This study shows that virginity is a multidimensional concept with two distinct dimensions: the experiential and the developmental.
Manjushree Palit, Associate Professor, Jindal School of Psychology & Counselling, Sonipat, Haryana, India.
Katherine R. Allen, Department of Human Development, Virginia Tech, Blacksburg, Virginia, USA
A qualitative grounded theory approach was used to analyze 34 narratives from young men about their experience of retaining, losing, or giving away their virginity, where 7 said they were virgins, 26 said they were non-virgins, and one did not mention his virginity status.
We found that virginity is a multidimensional concept, with two distinct dimensions: the experiential and the developmental. The experiential dimension refers to young men’s perception and understanding of their virginity in four overlapping areas: physical, spiritual, relational, and emotional. The developmental dimension refers to young men’s perception of their underlying sexual identity growth processes and the gendered and sexual double standards that influence this understanding. Clinical implications of this study are useful in education and counselling.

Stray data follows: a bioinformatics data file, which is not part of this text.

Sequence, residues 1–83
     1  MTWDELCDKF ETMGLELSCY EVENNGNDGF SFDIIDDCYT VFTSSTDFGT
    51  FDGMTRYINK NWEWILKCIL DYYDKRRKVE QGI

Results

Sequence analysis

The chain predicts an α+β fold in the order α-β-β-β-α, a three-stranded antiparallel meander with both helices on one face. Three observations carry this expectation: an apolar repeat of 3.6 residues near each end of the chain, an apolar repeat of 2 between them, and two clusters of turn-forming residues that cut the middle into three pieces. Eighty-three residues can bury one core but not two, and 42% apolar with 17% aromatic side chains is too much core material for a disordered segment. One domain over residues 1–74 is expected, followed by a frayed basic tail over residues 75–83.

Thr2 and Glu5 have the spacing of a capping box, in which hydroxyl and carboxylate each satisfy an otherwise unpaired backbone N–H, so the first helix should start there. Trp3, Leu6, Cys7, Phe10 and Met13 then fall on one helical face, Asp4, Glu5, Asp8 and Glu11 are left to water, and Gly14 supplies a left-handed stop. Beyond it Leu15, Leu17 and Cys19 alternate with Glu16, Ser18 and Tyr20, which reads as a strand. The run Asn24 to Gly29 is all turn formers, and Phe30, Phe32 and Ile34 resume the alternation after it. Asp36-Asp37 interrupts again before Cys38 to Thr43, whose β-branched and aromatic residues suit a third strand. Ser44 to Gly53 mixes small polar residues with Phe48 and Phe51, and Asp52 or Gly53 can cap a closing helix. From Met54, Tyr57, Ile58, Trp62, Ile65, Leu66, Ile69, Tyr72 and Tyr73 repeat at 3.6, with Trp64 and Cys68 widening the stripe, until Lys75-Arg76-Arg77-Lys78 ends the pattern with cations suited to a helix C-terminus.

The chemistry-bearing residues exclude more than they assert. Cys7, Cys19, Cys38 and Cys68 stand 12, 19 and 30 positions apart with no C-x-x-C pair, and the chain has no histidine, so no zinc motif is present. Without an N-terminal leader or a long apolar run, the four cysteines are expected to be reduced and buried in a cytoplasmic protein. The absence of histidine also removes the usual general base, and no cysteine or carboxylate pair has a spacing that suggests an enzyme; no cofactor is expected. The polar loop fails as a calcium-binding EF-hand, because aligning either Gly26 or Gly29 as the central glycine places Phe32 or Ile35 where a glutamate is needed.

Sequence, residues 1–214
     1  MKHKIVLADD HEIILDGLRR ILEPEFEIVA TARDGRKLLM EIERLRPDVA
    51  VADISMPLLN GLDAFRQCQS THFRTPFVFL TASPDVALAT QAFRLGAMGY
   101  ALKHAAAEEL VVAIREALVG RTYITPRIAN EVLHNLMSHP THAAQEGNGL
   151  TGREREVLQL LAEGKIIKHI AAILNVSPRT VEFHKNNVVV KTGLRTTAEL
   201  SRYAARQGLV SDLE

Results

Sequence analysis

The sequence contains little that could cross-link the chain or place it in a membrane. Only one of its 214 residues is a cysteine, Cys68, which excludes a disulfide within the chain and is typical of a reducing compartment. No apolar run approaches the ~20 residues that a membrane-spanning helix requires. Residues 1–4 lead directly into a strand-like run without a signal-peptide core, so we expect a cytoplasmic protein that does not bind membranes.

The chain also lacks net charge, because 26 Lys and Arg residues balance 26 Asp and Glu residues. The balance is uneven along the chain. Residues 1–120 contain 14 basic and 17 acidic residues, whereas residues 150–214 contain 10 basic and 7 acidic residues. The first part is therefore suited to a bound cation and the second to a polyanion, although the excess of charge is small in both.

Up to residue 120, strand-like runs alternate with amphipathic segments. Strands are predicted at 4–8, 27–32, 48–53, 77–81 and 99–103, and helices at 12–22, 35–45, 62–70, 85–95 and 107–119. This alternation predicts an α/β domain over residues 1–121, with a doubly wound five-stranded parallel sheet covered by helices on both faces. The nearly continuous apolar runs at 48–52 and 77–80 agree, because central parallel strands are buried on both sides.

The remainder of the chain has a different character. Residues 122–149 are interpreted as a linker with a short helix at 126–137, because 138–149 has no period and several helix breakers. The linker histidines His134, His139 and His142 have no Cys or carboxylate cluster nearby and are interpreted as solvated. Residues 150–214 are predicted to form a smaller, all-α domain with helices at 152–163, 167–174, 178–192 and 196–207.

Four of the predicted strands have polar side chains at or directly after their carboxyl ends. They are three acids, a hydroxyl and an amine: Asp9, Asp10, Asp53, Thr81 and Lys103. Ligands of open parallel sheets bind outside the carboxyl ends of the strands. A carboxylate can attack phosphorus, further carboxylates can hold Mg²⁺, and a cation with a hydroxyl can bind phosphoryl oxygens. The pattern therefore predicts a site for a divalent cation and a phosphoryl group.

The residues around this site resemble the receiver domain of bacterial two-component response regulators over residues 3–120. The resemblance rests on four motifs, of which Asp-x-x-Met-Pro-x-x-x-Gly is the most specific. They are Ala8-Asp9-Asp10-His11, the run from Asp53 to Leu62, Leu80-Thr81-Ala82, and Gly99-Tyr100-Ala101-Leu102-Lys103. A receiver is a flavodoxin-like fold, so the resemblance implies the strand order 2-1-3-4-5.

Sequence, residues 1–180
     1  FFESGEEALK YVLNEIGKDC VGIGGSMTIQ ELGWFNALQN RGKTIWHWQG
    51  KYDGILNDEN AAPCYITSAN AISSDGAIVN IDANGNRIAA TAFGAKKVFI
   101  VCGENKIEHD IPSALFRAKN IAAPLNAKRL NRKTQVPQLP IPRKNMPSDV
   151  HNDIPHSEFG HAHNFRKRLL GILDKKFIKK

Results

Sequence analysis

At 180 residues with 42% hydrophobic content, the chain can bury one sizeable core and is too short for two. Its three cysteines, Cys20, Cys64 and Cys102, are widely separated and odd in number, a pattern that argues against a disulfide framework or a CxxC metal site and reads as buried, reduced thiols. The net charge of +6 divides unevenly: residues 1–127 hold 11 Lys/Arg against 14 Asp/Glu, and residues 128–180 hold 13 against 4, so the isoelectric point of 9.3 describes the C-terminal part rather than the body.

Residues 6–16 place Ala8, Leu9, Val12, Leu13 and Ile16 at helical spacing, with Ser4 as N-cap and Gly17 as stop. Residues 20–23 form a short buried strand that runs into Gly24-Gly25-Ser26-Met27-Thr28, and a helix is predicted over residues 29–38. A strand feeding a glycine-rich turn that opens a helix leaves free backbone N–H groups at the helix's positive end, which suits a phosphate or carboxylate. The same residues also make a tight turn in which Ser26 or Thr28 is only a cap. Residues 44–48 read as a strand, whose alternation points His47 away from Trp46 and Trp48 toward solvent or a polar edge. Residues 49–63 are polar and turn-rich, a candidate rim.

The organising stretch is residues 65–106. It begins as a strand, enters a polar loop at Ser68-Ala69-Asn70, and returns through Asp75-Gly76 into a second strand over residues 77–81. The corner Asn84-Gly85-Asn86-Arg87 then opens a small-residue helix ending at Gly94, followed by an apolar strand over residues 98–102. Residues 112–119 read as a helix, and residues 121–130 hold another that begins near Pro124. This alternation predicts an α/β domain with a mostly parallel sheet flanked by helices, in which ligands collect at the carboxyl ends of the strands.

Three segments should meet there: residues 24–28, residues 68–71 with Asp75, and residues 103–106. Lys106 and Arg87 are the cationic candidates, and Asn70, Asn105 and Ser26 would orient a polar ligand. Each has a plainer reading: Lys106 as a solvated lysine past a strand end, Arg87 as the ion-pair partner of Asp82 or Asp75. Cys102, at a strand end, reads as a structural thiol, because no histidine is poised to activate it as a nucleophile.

They seek to empower young men with information relating to the multidimensional nature of virginity experience, and minimize the negative effects on romantic relationships, sexual adjustment, and self-identity development.
The findings are helpful in designing interventions for young men and women who are at high risk for sexually transmitted infections and can help them negotiate mutually safe and pleasurable experiences regarding their virginity.
Published in: Sexual and Relationship Therapy
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